e.g. temperature variations in different places, each have its
own waveforms.
Ensemble of time functions (random process): The set of all
possible waveforms
Ensemble of all possible sample waveforms of a random
process: X(t,S), or simply X(t).
t denotes time index and S denotes the set of all possible
sample functions
A single waveform in the ensemble: x(t,s), or simply x(t).
Random Signals

x(t,s0)

x(t,s1)

x(t,s2)
Random Signals

Each ensemble sample may be different from other.


Not possible to describe properties (e.g. amplitude) at a
given time instance.
Only joint probability density function (pdf) can be defined.
Given a sequence of time instants

t1 , t2 ,....., t N  the samples X t  X ti ) Is represented by:


i


p xt1 , xt2 ,....., xt N )
A random process is known as stationary in the strict sense if

 ) 
p xt1 , xt2 ,....., xt N  p xt1 + , xt2 + ,....., xt N + )
Properties of Random Signals

X ti ) is a sample at t=ti


The lth moment of X(ti) is given by the expected value

  
 )
E X   xtli p xti dxti
l
ti


The lth moment is independent of time for a stationary


process.

Measures the statistical properties (e.g. mean) of a single


sample.

In signal processing, often need to measure relation


between two or more samples.
Properties of Random Signals

X t1 ) and X t2 ) are samples at t=t1 and t=t2


The statistical correlation between the two samples are given
by the joint moment

 
E X t1 X t2  


 

 )
xt1 xt2 p xt1 , xt2 dxt1 dxt2

This is known as autocorrelation function of the random


process, usually denoted by the symbol

 xx t1 , t2 )  EX t X t 1 2

For stationary process, the sampling instance t1 does not
affect the correlation, hence

 xx  )  EX t X t    xx   )
1 2
where   t1  t2
Properties of Random Signals

Average power of a random process  xx 0)  EX t2 


1

Wide-sense stationary: mean value m(t1) of the process is


constant

Autocovariance function:

  
cxx t1 , t2 )  E X t1  mt1 ) X t2  mt2 )   xx t1 , t2 )  mt1 )mt2 )

For a wide-sense stationary process, we have

cxx t1 , t2 )  cxx  )   xx  )  mx2


Properties of Random Signals

Variance of a random process  2  cxx 0)   xx 0)  mx2

Cross correlation between two random processes:

 xy t1 , t2 )  EX t Yt     )
 
1 2    xt1 yt2 p xt1 , yt2 dxt1 dyt2

When the processes are jointly and individually


stationary,

 xy   )   yx  )  EX t Yt +   EX t  Yt
1 1 1 1

Properties of Random Signals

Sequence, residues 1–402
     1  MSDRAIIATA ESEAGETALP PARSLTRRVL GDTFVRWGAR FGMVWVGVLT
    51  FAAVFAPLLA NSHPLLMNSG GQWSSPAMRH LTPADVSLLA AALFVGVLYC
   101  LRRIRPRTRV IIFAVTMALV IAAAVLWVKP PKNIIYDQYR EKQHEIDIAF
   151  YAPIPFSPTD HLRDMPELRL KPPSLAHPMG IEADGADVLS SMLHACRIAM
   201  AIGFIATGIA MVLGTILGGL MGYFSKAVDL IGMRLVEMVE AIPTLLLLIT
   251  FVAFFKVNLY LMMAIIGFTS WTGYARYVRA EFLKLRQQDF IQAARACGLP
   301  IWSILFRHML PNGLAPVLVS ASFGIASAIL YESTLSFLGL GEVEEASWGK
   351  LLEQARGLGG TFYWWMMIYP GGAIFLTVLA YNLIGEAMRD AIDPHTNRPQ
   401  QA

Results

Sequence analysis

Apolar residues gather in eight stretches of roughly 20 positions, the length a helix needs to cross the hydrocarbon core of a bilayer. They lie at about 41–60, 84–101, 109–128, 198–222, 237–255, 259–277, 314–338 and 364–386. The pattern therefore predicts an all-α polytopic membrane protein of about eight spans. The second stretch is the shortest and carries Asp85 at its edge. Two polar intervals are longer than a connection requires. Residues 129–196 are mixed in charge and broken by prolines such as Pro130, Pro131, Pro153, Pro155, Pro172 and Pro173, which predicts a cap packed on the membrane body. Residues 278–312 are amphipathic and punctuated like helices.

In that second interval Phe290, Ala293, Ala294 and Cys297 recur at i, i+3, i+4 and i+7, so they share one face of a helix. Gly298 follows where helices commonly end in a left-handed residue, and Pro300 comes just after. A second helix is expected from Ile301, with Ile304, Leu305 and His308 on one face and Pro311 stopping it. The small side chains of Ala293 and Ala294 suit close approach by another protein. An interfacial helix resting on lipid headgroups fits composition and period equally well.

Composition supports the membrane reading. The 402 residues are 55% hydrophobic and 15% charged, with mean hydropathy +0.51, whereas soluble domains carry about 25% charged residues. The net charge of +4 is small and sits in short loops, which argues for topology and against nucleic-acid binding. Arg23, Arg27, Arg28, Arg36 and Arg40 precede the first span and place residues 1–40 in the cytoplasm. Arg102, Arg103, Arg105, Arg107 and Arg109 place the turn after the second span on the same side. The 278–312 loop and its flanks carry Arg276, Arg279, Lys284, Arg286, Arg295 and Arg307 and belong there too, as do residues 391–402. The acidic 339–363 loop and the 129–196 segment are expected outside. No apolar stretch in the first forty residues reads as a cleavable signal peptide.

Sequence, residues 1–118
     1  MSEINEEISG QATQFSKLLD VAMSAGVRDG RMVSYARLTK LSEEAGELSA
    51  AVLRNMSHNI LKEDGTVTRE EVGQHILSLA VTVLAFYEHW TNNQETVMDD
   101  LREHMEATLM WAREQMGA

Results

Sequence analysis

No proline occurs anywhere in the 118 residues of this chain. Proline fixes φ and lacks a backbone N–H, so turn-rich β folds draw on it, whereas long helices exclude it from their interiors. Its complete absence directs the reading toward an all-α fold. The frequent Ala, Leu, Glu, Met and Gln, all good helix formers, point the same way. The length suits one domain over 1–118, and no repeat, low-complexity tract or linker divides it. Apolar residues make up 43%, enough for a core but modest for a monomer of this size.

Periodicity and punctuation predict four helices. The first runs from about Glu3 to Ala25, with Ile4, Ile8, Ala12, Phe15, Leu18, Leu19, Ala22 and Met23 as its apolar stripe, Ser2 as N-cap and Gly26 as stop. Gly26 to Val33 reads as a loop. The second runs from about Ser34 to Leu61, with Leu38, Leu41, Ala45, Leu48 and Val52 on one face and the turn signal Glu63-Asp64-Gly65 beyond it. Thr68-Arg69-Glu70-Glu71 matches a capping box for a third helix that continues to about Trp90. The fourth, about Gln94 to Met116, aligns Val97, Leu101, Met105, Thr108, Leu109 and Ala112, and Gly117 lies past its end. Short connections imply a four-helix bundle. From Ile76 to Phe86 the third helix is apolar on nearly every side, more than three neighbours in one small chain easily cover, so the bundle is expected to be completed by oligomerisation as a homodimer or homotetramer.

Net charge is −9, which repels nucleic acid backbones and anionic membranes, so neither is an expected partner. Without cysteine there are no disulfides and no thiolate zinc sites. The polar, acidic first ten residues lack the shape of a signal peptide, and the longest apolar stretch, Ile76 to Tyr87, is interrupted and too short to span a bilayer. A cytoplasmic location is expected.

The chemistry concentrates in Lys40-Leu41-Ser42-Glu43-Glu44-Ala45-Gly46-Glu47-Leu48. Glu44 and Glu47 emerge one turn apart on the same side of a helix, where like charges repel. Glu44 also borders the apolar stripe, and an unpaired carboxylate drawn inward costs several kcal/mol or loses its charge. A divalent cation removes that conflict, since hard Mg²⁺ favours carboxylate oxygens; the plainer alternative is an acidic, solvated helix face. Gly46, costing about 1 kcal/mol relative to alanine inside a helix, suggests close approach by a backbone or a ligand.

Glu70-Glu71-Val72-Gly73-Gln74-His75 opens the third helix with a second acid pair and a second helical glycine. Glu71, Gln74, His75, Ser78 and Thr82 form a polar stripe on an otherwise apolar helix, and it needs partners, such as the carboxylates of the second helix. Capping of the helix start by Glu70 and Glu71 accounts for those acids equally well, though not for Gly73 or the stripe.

Cross covariance between two random processes:

cxy t1 , t2 )   xy t1 , t2 )  mx t1 )my t2 )

When the processes are jointly and individually


stationary,

 xy   )   yx  )  EX t Yt +   EX t  Yt
1 1 1 1

Two processes are uncorrelated if

  
cxy t1 , t2 ) or  xy t1 , t2 )  E X t1 E Yt2
Properties of Random Signals

Power Spectral Density: Wiener-Khinchin theorem


xx  f )    xx  )e  j 2f d


An inverse relation is also available,


 xx  )   xx  f )e j 2f df


Average power of a random process

 xx 0)   xx  f )df  EX t2   0



Properties of Random Signals

Average power of a random process

 xx 0)   xx  f )df  EX t2   0




For complex random process,  xx   )   xx*  )

 
xx  f )    xx  )e
* * j 2f
d    xx   )e j 2f d  xx  f )
 


Cross Power Spectral Density: xy  f )    xy  )e  j 2f d


For complex random process, xy*  f )  xy  f )


Properties of Discrete Random Signals

X n , or X n) is a sample at instance n.

The lth moment of X(n) is given by the expected value

 l
n


E X   xnl pxn )dxn

Autocorrelation  xx m)  EX n EX k 

Autocovariance cxx n, k )   xx n, k )  EX n EX k 

For stationary process, let m  nk

cxx m)   xx m)  EX n EX k    xx m)   x2  x is the mean


Properties of Discrete Random Signals

The variance of X(n) is given by

 2  cxx 0)   xx 0)   x2

Power Density Spectrum of a discrete random process



xx  f )   xx
 m )e  j 2fm

m  

 xx m)   12 xx  f )e j 2fmdf


1
Inverse relation: 
2

    )  1 xx  f )df
1
Average power: EX 2
n xx 0  2

2
Signal Modelling

Mathematical description of signal


M
xn )   ak nk cosw k n + f k ) k  1 or 0  k  1
k 1

ak , k ,w k ,fk 1k M are the model parameters.

M
Harmonic Process model xn )   ak cosw k n + f k )
k 1


xn )   hk )wn  k )
Linear Random signal
model k  
Signal Modelling

Rational or Pole-Zero model

xn)  axn  1) + wn)

Autoregressive (AR) model


p
xn ) +  ak xn  k )  wn )
k 1

Moving Average (MA) model


q
xn )   bk wn  k )
k 0
SYSTEM DESCRIPTION

1. Linearity